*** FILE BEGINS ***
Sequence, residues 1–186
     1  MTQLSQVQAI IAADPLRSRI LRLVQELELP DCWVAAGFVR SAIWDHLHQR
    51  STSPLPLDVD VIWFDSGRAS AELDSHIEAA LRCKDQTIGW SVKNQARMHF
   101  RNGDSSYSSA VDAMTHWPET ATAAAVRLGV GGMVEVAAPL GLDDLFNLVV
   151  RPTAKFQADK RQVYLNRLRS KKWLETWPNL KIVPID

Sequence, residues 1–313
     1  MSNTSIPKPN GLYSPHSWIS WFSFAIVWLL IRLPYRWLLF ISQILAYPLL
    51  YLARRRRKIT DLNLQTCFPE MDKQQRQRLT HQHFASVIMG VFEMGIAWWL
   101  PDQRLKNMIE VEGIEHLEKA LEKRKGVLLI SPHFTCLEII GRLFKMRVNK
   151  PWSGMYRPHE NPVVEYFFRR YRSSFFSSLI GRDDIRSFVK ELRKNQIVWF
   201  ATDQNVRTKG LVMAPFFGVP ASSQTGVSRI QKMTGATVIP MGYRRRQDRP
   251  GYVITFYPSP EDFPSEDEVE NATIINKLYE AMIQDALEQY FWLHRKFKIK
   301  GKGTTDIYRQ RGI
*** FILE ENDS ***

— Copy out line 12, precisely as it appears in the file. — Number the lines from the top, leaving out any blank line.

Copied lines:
   251  GYVITFYPSP EDFPSEDEVE NATIINKLYE AMIQDALEQY FWLHRKFKIK